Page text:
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Former UKZN chancellor graduates with master’s Former UKZN chancellor graduates with master’s
From graduating with a Bachelor of Medicine and Bachelor of Surgery from the erstwhile University of Natal in 1982 to serving the University of... Former UKZN chancellor graduates with master’s

From graduating with a Bachelor of Medicine and Bachelor of Surgery from the erstwhile University of Natal in 1982 to serving the University of KwaZulu-Natal (UKZN) as the second Chancellor from 2009 to 2017, graduating again at the age of 68 is no mean feat for Dr Zweli Mkhize who was awarded a Master of Administration at a graduation ceremony held on the UKZN Westville campus tonight, 7 May 2024.

Service Delivery at the Provincial Sphere of Government: A Case Study of Operation Sukuma Sakhe (OSS) in KwaZulu-Natal was the title of Mkhize’s study under the supervision of UKZN public governance specialist Professor Purshottama Reddy.

During his tenure as the Premier of KwaZulu-Natal from 2009 to 2017, Mkhize observed that local government was plagued by ineffective service delivery, mainly due to poor co-ordination, power contestations caused by overlapping constitutional mandates, a lack of cooperation and poor alignment of state entities. In response to these challenges, the provincial administration under Mkhize’s leadership introduced the Operation Sukuma Sakhe (OSS) model to improve service delivery and eradicate structural poverty and inequality in the province.

He said that he decided to focus his research on the OSS model as, during his time as premier, the project attracted a large number of scholars: “Several master’s and doctoral theses were produced, and the OSS model formed a foundation for the District Development Model implemented by the national government.” As an avid scholar, he was keen to contribute to this body of research.

Commenting on his journey, Mkhize said, “It was a challenging but rewarding journey. I personally interviewed all 22 respondents during the difficult days of COVID-19 with restrictions while balancing all other demands and responsibilities of the time.”

The study revealed various shortcomings in service delivery despite the effectiveness of the OSS model. The lack of common understanding of the policy led to inconsistent application and changing emphasis on each programme when leadership changed. “The study highlighted many subjective and objective factors that affect our public services such as poor and uncoordinated planning and budgeting and poor implementation of programmes as well as poor supervision and a lack of community consultation to address community discontent,” he said.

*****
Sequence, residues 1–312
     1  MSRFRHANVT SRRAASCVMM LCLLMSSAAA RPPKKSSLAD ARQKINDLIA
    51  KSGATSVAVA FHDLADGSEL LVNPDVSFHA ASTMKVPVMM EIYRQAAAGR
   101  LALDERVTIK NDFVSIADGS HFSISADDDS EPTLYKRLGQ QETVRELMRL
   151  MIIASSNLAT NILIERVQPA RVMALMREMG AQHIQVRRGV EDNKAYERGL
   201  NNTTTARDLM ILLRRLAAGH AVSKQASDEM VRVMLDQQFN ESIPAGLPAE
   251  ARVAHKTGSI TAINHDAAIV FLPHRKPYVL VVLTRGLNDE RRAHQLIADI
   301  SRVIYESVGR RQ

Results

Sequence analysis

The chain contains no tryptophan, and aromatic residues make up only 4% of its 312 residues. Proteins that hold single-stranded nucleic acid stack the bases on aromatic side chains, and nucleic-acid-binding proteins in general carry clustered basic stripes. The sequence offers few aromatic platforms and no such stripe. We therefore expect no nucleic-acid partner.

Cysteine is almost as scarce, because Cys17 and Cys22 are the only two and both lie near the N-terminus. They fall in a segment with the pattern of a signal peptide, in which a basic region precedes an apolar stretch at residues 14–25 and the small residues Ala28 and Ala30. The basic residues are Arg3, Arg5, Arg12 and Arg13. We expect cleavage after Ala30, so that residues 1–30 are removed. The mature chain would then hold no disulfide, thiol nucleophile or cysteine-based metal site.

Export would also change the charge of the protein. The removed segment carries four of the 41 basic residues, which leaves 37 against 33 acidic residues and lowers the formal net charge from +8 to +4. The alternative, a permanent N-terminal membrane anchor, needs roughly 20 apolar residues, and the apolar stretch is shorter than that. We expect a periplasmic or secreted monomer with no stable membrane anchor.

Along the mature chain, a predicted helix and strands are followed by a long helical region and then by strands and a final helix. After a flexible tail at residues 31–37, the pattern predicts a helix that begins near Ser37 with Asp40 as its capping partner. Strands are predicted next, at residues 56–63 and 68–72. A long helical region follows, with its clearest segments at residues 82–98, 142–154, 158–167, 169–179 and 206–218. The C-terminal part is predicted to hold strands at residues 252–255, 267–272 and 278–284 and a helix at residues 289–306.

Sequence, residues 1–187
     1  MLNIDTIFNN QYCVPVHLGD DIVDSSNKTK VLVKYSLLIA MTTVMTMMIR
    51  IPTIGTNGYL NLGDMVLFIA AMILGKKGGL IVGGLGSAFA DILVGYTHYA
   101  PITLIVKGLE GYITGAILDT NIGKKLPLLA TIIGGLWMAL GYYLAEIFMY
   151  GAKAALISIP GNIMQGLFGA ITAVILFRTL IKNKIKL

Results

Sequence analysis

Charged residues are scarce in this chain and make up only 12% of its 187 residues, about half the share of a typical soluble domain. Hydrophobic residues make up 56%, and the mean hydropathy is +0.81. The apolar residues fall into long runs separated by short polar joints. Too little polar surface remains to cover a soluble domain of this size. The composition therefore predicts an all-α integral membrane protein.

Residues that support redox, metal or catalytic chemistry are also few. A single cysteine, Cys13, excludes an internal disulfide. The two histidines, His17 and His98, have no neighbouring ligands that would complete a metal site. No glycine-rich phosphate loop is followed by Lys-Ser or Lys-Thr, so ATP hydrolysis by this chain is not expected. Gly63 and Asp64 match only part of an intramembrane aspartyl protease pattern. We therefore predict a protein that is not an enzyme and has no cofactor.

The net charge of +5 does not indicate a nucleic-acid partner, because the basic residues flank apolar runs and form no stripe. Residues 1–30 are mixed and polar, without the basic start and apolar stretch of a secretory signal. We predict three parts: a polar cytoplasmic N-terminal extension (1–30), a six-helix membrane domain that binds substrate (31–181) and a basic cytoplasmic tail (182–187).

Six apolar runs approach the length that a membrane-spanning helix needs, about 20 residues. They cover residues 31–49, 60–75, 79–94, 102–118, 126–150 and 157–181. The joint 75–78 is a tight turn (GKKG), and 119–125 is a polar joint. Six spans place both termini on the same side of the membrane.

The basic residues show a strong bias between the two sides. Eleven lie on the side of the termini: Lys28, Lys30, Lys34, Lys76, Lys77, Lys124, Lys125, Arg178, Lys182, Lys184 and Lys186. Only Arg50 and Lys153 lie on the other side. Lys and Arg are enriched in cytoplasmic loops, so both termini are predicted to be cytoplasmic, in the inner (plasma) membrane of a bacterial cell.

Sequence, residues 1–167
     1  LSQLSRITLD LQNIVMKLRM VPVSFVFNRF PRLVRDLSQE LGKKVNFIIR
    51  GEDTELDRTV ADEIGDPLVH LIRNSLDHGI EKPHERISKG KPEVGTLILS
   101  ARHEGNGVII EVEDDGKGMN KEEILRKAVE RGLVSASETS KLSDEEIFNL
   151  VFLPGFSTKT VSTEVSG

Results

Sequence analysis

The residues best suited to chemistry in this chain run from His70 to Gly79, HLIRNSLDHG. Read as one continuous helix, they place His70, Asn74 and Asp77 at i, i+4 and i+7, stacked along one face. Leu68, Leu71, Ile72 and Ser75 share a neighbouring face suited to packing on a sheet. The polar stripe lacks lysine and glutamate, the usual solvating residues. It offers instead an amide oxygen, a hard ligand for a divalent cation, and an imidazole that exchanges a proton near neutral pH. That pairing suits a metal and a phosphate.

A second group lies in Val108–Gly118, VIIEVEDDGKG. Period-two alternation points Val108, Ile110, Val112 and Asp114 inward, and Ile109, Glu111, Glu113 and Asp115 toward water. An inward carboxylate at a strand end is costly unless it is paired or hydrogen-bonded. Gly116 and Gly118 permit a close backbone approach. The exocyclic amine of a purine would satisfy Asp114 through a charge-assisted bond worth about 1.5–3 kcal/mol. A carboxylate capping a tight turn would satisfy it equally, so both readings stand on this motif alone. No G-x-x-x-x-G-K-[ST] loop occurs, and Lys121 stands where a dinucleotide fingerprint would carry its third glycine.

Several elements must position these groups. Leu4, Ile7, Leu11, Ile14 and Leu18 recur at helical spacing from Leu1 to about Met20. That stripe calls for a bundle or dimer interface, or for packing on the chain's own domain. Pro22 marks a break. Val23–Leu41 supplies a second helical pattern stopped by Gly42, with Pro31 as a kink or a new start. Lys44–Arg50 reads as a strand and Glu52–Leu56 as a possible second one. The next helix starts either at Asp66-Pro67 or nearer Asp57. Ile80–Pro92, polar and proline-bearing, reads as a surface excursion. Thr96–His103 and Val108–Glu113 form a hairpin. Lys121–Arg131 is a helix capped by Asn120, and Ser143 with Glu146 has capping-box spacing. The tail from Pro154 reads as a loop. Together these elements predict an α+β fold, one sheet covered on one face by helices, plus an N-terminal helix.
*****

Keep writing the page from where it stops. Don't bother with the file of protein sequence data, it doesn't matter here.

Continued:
Mkhize has had an illustrious career in politics as an anti-apartheid activist and also served as the Minister of Health and the Minister of Cooperative Governance and Traditional Affairs, amongst many other high-profile portfolios in government.

“I have had extensive experience in public administration since the dawn of democracy. During this era, practitioners had the innovation, creativity and ability to explore new approaches and solutions to address challenges that had not been experienced before.” He added that the OSS model was one such solution that developed organically but was not preceded by in-depth academic research on the concept.

A firm believer in continuous education, he said, “Senior public administrators should be engaged in continuous learning and academic research as they would acquire new knowledge that bolsters their experience and improves their performance.” Academic advancement would enable public administrators to contribute to generating new information in their practice and create an environment that deepens professionalism and improves service delivery.

Regarding his achievement, Mkhize said he feels fulfilled and is grateful to his family, peers, and supervisor for their inspiration throughout his research journey. “I hope this will inspire younger generations, leaders and public servants to embrace postgraduate education and pursue ever-widening horizons in academic research,” he commented.

Reddy congratulated Mkhize on his achievement, describing him as an exemplary student: “It was a pleasure working with Dr Mkhize because he is hard-working, cooperative and willing to contribute to the knowledge base in the field of public governance.” Mkhize and Reddy have started sharing their research as co-authors of two chapters in two books – one on managing the COVID-19 pandemic as part of an international study and another on service delivery at the provincial sphere of government with a focus on OSS. 

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